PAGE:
Using WebView in a React Native application allows us to reuse already built web pages.

HTTP Headers are name/value pairs that appear in both request and response messages. The purpose of headers is to supply the web server with additional information and control how content is returned.

In React Native, while opening web pages via WebView Component, we can pass headers to the HTTP request. Refer to our previous blog for more on this.

<WebView
  source={
    {
      uri: "http://localhost:3000",
      headers: {"custom-app-header": "react-native-ios-app"}
    }
  }
/>

But there is a bug. On subsequent requests from inside the WebView, the headers are not passed in the request.

First, let’s try to understand by recreating the bug. We have created a simple node server which will act as the backend for the application and log the request along with the custom header.

Here is our server.js

var http = require('http');
var port = 9000;

function logRequest(request) {
  console.log("Processing request for: ", request.url)
  console.log("Custom Header: ", request.headers["custom-app-header"])
  console.log("Request Processed\n")
}

http.createServer(function(request, response) {
  response.writeHead(200, {"Content-Type": "text/html"});
  switch(request.url) {
    case "/":
      response.write("<html><body>Welcome<a href='/bye'>Bye</a></body></html>");
      logRequest(request)
      break;
    case "/bye":
      response.write("<html><body>Bye<a href='/'>Welcome</a></body></html>");
      logRequest(request)
      break;
    default:
      break;
  }
  response.end();
}).listen(port);

As we can see, the welcome page has a link to bye and vice versa. Let’s start the node server by running node server.js.

When we run the app on the simulator, the welcome page opens up, and in the server log, we can verify that the request header is being passed.

Processing request for:  /
Custom Header:  react-native-ios-app
Request Processed

But when we click on the Bye link from the Welcome page, the server doesn’t receive the request header, which can be verified from the log.

Processing request for:  /bye
Custom Header:  undefined
Request Processed

And it can be verified again that for any subsequent clicks the request header does not get passed. We can click on Welcome and check the log again.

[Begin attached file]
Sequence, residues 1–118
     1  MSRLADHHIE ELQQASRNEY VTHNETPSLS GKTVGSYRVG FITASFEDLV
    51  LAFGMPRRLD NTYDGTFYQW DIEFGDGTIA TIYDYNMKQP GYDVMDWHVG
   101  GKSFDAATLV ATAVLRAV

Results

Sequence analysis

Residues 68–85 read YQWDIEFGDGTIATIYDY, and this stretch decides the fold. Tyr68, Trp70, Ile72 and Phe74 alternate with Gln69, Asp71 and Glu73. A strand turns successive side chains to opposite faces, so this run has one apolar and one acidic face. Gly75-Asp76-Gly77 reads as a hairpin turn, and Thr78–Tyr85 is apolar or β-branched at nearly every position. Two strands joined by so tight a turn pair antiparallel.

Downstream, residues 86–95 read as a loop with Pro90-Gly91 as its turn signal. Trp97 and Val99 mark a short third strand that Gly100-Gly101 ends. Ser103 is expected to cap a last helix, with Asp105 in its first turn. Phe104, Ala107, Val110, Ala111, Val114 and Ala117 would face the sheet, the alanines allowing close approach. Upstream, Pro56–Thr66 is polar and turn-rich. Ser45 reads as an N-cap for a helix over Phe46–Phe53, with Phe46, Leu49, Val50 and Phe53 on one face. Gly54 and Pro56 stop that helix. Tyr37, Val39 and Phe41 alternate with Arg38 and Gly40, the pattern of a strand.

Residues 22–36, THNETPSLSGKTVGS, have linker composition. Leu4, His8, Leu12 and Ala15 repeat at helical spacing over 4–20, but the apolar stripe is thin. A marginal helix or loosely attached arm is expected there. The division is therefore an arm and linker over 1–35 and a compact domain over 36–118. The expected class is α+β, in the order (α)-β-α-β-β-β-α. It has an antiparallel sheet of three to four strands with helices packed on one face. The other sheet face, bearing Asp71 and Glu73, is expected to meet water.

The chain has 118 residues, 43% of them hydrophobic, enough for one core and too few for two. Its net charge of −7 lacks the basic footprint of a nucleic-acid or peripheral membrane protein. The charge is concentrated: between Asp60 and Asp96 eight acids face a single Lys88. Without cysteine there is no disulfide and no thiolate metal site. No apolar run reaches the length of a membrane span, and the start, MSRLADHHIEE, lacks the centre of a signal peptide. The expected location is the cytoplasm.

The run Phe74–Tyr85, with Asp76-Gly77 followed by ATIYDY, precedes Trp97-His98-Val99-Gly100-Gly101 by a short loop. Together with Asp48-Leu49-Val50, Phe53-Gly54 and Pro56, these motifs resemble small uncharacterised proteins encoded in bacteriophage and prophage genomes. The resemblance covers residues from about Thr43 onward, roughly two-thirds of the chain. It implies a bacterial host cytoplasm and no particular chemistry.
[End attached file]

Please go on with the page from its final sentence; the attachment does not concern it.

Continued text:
Processing request for:  /
Custom Header:  undefined
Request Processed

We recently encountered this bug and created an issue here. Untill the issue is fixed, we have found a workaround.

Workaround

WebView provides a prop onLoadStart which accepts a function that is invoked when the WebView starts loading.

We can use this prop to know when a link is clicked and then re-render the WebView component with the new url. Re-rendering the WebView component will load the page as if it’s the first page and then the request headers would be passed.

We know that in React, a component re-renders itself when any of its state changes. The only thing which changes here is the url, so let’s move the url to a state and initialize it to the Welcome page which is the root of the application. And then use the onLoadStart prop to change the url state to the clicked url.

Here’s the new code.

class testApp extends Component {
  state = {
    url: "http://localhost:3000",
  };

  render() {
    return (
      <WebView
        onLoadStart={(navState) => this.setState({url: navState.nativeEvent.url})}
        source={
          {
            uri: this.state.url,
            headers: {"custom-app-header": "react-native-ios-app"}
          }
        }
      />
    );
  }
}

Now when we run the app, we can verify in the backend that the request headers are being sent even when we click on Bye link.

Processing request for:  /bye
Custom Header:  undefined
Request Processed

Processing request for:  /bye
Custom Header:  react-native-ios-app
Request Processed

One thing to note here is that, when we click on the Bye link, the request is not intercepted from reaching the server. We are just resending the request by means of a component re-render with the new url.

Hence in the log, we see two requests. First request took place when user clicked on the link, and the second request occurred when the component got re-rendered with the required request headers.

This workaround might help us to pass the request headers which we intend to send to the backend server until the issue gets fixed.